9. Adam Jones (Tool)
Tool's mad genius frontman Maynard James Keenan has always mixed so many styles that it's impossible to put the band into one, or even a half dozen, musical genres. In guitarist Adam Jones, Keenan found his perfect musical partner. Jones' riffs are always in service of the song, bouncing from crunchy alt-metal riffs to melodic progressive notes to funk rock, sometimes within the same tune. Jones has been recognized by both critics and peers, as well as scoring Grammy awards with Tool.
8. Marty Friedman (Megadeth)
While Megadeth vocalist and founding guitarist Dave Mustaine gets much of the press for Megadeth's success, the guitarist responsible for the band's most commercially and critically successful period was Marty Friedman. Friedman joined Megadeth in 1990, just in time to record the band's commercial breakthrough Rust in Peace and stayed with the band until 2000. Friedman's solos on songs like “Hangar 18” and “Symphony of Destruction” have become part of metal lore. Since leaving Megadeth, Friedman has shown even more range as a guitarist, moving to Japan and splitting his solo work between instrumental speed metal albums and work that blends hard rock riffs with J-pop sounds.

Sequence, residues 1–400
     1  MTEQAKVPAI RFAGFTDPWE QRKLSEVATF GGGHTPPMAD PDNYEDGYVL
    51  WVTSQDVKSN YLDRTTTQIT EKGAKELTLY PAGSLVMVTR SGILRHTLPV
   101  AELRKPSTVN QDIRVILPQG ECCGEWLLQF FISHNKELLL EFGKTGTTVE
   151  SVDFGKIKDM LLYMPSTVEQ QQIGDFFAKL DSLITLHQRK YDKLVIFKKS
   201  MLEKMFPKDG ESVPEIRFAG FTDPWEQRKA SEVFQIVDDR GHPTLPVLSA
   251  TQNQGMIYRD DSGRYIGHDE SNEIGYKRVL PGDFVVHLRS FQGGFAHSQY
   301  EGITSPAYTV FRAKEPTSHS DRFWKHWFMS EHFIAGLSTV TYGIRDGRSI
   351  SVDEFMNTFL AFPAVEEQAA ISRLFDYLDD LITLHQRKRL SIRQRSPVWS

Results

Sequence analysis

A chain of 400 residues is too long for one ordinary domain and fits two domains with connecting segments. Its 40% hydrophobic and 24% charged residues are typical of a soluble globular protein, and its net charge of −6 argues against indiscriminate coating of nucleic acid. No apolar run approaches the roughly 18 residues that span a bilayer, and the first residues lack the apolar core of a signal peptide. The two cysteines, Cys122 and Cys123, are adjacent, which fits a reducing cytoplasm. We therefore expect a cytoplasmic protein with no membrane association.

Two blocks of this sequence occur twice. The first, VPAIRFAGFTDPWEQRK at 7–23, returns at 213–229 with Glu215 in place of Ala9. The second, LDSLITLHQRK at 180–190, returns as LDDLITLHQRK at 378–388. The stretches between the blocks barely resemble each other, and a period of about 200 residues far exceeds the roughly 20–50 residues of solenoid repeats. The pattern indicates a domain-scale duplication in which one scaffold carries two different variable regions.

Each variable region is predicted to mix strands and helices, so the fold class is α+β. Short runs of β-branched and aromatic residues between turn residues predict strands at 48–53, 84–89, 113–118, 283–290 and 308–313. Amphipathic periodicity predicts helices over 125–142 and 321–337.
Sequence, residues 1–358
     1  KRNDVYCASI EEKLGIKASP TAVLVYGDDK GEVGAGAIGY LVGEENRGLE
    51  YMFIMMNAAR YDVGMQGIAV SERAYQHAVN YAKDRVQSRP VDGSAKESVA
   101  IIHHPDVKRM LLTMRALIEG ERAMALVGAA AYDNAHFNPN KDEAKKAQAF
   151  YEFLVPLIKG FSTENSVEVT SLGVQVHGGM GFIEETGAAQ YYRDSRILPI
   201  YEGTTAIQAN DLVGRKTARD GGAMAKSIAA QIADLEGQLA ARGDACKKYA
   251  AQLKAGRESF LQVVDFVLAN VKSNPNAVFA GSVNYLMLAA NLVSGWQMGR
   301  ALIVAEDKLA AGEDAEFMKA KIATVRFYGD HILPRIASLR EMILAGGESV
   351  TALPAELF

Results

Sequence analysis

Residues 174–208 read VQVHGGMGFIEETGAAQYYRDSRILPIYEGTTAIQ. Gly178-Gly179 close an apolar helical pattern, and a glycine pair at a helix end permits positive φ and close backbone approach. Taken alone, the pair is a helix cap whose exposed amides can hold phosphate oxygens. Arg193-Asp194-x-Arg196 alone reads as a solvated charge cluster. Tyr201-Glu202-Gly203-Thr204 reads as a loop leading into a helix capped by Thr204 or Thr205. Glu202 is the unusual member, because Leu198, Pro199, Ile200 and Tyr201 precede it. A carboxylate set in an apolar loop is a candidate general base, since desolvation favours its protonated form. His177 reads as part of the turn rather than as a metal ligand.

7. Slash (Guns N' Roses)
With his huge bush of black hair, sunglasses, and top hat, and Les Paul guitar, Slash is one of the most instantly recognizable faces in hard rock, someone who is known even by people who don't like metal music. It doesn't hurt that his band Guns N' Roses is one of the best selling bands in any genre, with their debut Appetite for Destruction selling over 30 million copies alone. Slash's melodic blues-based solos on Guns N' Roses hits like “Sweet Child O' Mine” and “November Rain” are regularly listed among the greatest guitar solos of all time. When not with Guns N' Roses, Slash has performed with his own solo band as well as supergroup Velvet Revolver.
6. Michael Schenker (Scorpions, UFO, MSG)
While Michael Schenker may be one of the least recognizable names on this list to the general public, that isn't the case among his fellow guitarists. As an early member of Scorpions, and later with UFO and his own Michael Schenker Group, Schenker has been name-checked as a major influence on some of metal's biggest names, including Kirk Hammett and James Hetfield of Metallica, Alex Skolnick, and all of Iron Maiden (who regularly use UFO's “Doctor Doctor” as the lead in to their shows).
5. Alex Skolnick (Testament)
While never quite commercially successful enough to be considered one of thrash metal's “Big Four,” Testament is easily at the top of the second tier of thrash metal innovators, in large part due to the presence of the most technically sound guitarist of any thrash band, Alex Skolnick. An accomplished master of multiple genres, Skolnick can deliver the blistering solos needed for Testament songs like “Practice What You Preach,” melodic progressive rock with Savatage and Trans-Siberian Orchestra, and also a knack for jazz with his own band Alex Skolnick Trio. Skolnick is widely acknowledged as one of the fastest guitarists in the world.